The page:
When a neurodiverse loved one has a special interest, it can be a significant part of their life, which means it can be a big part of yours too. These special interests can serve as a way for a person to express themselves and share what they are passionate about. Special interests can range from focused and narrowed topics to collecting items or even repeating specific behaviors or songs. We have a choice about how we react to the expression of these special interests. We can choose to be annoyed when they become repetitive, or we can choose to engage and connect while setting limits. One way to connect is by getting involved in physical or hands-on activities like walking together, visiting a special interest focal point, like a museum, or reading up on the topic so you can talk about the special interest with your loved one.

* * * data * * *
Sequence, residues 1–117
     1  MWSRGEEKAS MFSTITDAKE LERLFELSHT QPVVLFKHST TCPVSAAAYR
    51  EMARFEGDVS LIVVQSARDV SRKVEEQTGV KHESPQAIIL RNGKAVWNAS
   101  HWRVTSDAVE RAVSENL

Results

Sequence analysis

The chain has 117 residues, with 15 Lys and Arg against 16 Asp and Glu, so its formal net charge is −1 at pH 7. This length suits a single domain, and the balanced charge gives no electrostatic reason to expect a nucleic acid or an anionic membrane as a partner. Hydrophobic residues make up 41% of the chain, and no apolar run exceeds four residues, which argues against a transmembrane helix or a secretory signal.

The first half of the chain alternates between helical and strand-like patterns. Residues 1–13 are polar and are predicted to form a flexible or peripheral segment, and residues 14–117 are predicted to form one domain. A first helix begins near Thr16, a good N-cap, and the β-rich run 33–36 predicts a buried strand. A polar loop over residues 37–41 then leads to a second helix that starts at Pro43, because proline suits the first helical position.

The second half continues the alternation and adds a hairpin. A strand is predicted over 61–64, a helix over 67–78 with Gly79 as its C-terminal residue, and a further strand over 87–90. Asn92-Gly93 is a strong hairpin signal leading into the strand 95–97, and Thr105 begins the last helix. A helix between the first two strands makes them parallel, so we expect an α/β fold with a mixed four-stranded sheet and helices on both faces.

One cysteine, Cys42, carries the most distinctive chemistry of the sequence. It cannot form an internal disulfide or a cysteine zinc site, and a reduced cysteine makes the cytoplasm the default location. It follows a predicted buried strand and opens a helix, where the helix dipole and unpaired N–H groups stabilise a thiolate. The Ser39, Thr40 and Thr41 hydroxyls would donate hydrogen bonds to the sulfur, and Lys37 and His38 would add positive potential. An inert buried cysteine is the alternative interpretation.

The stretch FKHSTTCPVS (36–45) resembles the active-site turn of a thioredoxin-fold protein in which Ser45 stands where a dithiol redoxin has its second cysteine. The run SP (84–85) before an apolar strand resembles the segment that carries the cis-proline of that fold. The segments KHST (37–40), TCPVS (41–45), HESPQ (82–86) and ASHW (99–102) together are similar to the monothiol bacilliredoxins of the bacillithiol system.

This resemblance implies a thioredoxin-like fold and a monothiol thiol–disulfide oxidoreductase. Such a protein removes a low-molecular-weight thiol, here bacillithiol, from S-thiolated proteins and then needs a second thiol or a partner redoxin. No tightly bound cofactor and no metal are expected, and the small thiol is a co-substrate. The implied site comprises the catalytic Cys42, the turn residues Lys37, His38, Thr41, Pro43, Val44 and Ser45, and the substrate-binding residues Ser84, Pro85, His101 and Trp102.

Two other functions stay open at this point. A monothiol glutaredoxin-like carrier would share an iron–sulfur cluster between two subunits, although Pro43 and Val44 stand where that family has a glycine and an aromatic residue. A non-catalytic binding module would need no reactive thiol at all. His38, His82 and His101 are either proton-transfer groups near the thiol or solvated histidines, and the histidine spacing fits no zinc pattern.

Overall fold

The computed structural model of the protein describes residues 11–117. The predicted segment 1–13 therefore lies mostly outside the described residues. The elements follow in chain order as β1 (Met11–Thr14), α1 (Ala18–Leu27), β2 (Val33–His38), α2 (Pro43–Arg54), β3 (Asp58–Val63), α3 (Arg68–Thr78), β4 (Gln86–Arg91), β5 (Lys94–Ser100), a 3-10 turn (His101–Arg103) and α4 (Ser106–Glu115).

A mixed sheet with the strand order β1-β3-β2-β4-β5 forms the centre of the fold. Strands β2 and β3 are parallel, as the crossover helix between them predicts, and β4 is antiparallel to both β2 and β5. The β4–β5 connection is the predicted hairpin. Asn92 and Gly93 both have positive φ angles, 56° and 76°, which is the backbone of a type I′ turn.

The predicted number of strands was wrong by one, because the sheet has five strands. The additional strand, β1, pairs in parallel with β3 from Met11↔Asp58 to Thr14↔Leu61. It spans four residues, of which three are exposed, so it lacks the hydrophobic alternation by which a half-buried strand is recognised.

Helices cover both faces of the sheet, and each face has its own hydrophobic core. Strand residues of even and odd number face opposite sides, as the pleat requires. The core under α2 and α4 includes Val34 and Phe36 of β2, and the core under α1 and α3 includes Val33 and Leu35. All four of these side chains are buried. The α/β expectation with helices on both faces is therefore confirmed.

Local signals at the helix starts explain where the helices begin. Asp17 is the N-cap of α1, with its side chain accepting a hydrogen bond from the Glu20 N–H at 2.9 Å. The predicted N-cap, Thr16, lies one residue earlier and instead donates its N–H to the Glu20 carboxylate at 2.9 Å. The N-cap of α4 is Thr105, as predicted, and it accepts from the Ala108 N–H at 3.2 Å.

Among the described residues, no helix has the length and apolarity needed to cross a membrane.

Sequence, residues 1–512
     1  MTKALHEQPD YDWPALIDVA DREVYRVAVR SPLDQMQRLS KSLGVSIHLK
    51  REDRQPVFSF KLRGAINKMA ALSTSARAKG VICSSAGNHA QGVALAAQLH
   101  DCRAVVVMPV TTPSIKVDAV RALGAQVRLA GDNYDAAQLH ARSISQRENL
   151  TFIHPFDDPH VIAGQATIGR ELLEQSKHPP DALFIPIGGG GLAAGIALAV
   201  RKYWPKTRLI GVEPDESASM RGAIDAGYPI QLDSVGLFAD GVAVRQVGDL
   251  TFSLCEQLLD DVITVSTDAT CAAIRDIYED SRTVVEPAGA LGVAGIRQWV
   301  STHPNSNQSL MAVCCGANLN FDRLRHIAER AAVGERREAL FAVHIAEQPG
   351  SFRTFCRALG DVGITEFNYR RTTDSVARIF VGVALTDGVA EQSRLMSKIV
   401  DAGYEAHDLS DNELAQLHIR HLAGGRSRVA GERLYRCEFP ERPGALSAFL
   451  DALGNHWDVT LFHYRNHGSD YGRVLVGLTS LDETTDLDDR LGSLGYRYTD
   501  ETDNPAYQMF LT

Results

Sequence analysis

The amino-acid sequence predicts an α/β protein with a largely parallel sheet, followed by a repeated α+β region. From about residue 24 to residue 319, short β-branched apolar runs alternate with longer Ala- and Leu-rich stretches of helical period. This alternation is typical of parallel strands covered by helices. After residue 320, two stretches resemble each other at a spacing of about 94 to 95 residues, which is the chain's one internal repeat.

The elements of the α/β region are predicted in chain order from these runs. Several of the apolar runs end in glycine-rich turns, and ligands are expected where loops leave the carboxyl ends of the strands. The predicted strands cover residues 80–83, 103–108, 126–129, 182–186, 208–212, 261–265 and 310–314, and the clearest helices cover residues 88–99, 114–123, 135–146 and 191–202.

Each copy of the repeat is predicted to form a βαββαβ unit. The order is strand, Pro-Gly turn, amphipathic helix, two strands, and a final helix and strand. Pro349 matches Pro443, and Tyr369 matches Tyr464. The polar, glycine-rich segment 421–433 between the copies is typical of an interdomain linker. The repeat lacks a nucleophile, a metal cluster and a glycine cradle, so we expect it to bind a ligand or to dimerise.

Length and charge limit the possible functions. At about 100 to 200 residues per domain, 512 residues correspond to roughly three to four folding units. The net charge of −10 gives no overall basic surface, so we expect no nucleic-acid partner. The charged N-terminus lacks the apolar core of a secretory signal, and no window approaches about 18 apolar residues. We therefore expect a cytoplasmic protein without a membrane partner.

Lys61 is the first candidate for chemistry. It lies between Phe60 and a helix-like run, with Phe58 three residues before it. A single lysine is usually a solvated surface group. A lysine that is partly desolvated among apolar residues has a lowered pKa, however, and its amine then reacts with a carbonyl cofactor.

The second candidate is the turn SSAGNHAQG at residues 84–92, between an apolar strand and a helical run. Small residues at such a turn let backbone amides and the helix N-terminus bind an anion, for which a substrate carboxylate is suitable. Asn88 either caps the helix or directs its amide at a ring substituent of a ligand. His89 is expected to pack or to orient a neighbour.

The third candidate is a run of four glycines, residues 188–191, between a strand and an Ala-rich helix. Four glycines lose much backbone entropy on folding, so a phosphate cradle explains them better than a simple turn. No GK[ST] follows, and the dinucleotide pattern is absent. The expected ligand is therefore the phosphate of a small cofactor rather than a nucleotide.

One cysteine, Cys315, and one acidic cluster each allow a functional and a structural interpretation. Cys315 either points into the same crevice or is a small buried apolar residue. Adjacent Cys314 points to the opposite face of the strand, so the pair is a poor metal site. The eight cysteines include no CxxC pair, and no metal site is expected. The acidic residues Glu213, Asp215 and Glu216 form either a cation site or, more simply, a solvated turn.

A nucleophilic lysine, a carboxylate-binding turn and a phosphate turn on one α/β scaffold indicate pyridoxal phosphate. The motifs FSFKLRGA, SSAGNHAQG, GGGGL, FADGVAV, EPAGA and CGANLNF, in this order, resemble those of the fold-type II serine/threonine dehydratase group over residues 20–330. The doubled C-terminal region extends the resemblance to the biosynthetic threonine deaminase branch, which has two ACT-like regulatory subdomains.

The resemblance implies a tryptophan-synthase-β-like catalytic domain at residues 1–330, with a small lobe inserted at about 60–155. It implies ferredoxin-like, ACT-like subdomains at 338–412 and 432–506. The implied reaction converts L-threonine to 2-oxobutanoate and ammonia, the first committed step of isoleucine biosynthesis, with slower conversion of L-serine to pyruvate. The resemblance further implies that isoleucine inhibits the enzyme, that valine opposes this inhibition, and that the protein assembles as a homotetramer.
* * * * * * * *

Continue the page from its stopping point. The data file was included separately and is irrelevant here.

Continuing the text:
However, it can also be important to balance the amount of time spent on the special interest and set healthy boundaries. Establishing that there are times that are off limits, as well as times when it is good to engage in special interests is an appropriate balance. On and off-limits times can be communicated through visuals or language. For individuals with cognitive impairments, this can be as simple as using green and red signals.

Keep perspective. There can be value in encouraging a special interest because, later in life, this interest could develop into a job, an invention, or even an exciting new discovery! And even when that is not likely, having personal interests is an important part of life satisfaction.

Gift Tips to Show You Care